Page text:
While industry can achieve a lot in terms of sustainability, the last mile is entirely up to consumers, and the way they use appliances in their own homes.

Using a refrigerator would seem to be the easiest and most natural thing in the world to the vast majority of us. Yet a conscious and at times different use of the most important appliance in our kitchens could help to make the difference for the environment.

Waste and energy consumption are the two fronts the battle for fridge sustainability is fought on. The correct preservation of our food, in the sense of it not going off before we have a chance of consuming it, will help keep food waste down, and as a consequence we could be saving on the resources needed to produce it, like water, energy, soil and transportation. On the other hand, making sure our fridge doesn’t consume too much energy will help save on carbon emissions.

Our fridge can serve as the pivot point of our domestic food waste and energy consumption reduction strategy. It all comes down to the way we load it and the way we manage fresh produce and leftovers.


When it comes to loading our shopping into the family fridge, we don’t really think there’s a right or wrong way of doing it, as long as it makes sense to us. But in fact it does make a difference. Placing the most used items at the front of the shelves, and also the most perishable ones, will help us “see” them better every time we open the fridge. This will help us avoid spending ages searching with the door open, which would cause the motor to work harder to maintain temperature, consuming more electricity.  Also, if perishable produce is hidden at the back, it might be too late once we finally realise it’s been sitting there all that time, so having it constantly under our eyes might avoid it being thrown away.

The impact of food waste in terms of cost to the environment is simply mind boggling, and every little improvement can make a huge difference. According to the European Food Information Council, in 2019 more than 930 million tonnes of food waste were generated, of which roughly 60% came from households. Throwing away that single wrinkled tomato we forgot at the bottom of the fridge costs the environment about 125 litres of water and 300 g carbon emissions.

Wrapping certain items, or boxing them will help prolong their life, with better chances of us eating them before they spoil. Typically, cheeses should be wrapped in their specific paper, eggs, if at all kept in the fridge, should be left in their cartons to avoid picking up unwanted odours. Also, producers have developed differentiated temperature and humidity storage zones that are best adapted to different food types. Storing food correctly in these dedicated areas certainly helps better preserve it, greatly reducing waste.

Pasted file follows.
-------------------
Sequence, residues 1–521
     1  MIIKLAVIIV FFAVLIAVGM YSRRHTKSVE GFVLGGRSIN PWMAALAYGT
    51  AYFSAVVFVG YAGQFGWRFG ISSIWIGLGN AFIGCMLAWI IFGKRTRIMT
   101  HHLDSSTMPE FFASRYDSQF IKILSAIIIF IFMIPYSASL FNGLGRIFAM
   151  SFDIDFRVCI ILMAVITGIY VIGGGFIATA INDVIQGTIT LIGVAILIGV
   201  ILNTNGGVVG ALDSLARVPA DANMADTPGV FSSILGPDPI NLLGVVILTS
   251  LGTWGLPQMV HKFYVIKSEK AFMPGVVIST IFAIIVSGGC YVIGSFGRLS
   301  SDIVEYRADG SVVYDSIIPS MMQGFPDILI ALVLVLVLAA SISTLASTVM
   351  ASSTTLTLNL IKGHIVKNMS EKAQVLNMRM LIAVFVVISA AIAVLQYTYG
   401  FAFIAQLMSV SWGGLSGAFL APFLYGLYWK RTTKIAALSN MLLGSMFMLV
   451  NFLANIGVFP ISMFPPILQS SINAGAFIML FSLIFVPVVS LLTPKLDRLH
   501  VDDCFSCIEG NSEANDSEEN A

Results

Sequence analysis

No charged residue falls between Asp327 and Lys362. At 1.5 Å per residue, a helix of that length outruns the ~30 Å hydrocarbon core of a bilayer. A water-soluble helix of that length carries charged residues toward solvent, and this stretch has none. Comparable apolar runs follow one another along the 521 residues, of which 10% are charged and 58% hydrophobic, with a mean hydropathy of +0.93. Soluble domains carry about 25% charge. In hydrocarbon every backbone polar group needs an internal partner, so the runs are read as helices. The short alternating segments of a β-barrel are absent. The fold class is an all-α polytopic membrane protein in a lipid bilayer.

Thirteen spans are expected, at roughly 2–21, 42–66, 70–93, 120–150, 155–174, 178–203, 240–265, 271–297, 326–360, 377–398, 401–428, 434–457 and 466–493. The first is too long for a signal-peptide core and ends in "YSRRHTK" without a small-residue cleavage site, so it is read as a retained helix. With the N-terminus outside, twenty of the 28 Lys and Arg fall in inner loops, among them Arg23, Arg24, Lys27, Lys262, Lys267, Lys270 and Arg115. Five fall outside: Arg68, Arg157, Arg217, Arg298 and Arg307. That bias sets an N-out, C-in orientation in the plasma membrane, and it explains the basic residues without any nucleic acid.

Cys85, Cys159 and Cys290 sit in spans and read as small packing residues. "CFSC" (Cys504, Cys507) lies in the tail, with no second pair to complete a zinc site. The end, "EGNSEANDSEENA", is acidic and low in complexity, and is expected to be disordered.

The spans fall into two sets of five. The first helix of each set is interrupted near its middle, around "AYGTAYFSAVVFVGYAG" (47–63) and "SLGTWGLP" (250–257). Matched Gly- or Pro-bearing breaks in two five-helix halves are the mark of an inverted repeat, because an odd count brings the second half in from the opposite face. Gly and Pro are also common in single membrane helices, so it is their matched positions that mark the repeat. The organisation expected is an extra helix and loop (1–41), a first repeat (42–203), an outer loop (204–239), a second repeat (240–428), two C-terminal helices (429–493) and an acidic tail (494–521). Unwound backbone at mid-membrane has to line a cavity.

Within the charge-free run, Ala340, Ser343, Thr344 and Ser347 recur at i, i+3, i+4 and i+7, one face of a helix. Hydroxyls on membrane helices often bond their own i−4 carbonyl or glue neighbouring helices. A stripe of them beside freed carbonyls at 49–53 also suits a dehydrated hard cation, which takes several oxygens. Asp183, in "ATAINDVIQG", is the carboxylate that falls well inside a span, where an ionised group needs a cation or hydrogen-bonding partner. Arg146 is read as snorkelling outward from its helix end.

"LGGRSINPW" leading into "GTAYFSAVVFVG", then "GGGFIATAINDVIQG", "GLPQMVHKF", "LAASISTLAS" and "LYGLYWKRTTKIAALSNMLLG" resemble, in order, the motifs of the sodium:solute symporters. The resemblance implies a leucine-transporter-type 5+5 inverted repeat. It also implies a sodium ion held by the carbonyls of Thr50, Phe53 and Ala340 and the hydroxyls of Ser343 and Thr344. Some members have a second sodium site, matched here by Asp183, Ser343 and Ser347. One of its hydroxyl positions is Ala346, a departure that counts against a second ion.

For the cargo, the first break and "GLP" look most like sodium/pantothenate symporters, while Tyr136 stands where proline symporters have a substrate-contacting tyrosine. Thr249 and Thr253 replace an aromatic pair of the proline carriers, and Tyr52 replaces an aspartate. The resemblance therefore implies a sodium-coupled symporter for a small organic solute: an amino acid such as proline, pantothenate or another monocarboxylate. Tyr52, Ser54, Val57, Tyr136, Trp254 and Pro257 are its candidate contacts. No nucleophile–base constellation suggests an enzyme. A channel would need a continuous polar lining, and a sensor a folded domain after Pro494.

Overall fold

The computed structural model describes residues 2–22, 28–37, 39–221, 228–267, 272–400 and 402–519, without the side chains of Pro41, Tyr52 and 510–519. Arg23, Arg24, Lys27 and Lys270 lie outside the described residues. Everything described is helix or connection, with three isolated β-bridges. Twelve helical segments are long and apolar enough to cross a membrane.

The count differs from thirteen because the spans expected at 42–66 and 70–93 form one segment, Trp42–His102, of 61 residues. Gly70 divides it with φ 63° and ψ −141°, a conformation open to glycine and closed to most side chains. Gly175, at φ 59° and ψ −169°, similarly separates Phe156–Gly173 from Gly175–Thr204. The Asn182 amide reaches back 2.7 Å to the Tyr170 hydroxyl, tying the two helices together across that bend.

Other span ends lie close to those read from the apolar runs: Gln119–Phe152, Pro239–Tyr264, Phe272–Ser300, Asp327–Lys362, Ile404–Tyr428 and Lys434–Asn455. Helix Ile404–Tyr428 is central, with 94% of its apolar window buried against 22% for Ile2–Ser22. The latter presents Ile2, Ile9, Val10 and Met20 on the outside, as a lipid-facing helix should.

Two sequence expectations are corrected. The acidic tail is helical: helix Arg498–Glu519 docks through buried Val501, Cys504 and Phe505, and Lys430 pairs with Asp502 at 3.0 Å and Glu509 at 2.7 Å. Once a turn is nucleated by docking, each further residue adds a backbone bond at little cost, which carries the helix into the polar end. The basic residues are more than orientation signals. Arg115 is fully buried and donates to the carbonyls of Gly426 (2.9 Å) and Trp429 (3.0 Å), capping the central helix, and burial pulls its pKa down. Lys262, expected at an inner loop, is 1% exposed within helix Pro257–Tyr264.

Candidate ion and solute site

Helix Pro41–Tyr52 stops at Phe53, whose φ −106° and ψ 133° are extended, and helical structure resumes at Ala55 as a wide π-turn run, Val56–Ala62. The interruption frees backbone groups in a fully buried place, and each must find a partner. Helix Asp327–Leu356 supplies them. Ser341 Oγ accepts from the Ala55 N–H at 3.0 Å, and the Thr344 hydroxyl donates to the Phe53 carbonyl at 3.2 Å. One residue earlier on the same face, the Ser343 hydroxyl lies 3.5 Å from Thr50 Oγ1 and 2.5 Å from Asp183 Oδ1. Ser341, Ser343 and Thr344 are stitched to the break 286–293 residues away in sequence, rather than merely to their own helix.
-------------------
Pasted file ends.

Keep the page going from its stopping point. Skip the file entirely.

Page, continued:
A fair number of refrigerators produced in the world can’t guarantee even temperatures throughout the cavity: temperatures at the bottom tend to be lower than those at the top, and door balconies also tend to be slightly warmer. Placing food items in the best position can help them last longer.

When freezing food, it should be put in sealed containers or tightly wrapped in cling film to avoid freezer burns, and labels with content and date of freezing should always be used. How many times have we thrown away mysterious frost-covered containers simply because we couldn’t remember what was in them nor when we froze it?

We would be surprised to learn that some of the stuff we are used to keep in the fridge actually doesn’t really need to be refrigerated, and in some cases would do better by staying out of it. Lists of what goes in and what stays out are common, and the debate around certain items is still open, but being more careful about what foods we keep in the fridge might help reduce the sheer volume of food stored, reducing the energy consumption to keep all that crowd refrigerated. And maybe, we might find out we don’t really need such a big fridge, after all.

Another way of fighting food waste is to plan for the recycling of potential leftovers. It can start with designing the original meal the ingredients are used for in such a way that any leftovers can be used in new recipes in the following days. It is also important that they are managed properly and not left indefinitely on the counter to collect heat and bacteria. “Day-after” cuisine is an increasingly popular trend and can bring many positive returns to its adepts. Italian traditional cuisine is based on the re-utilisation of leftovers from the family’s rich Sunday lunch, generally consisting in a glorious pasta starter followed by roast or boiled meat: in the following days, the leftover meat would be used for meatballs, in a tomato sauce or fried; the same meat would also go into the stuffing of the some kind of tortellini or ravioli, or to make stuffed vegetables, together with rice, while the broth would make for wonderful risotto or zuppa; leftover roast poultry would make a wonderful cold salad; leftover pasta would be pimped up with any leftover cheese or cured meats, a little béchamel and become a delicious oven-baked “pasta al forno” ; in turn, leftover risotto can be sautéed the following day as a crisp version of itself.; bread can be turned into delicious bread pudding, or used as “mollica” in some pasta dishes as a cheese substitute.The variations are endless.

We must keep in mind that our refrigerator accounts for nearly 10% of our domestic electricity consumption, and that food loss and waste, if it was a country, would be the third biggest generator of greenhouse gas emissions in the world. (Source: European Food Information Council). The stakes are enormous, but we all have the power to make a difference, day after day, by making even small changes to our fridge routine. After all, saving the planet with our fridge can be entertaining, and quite satisfying.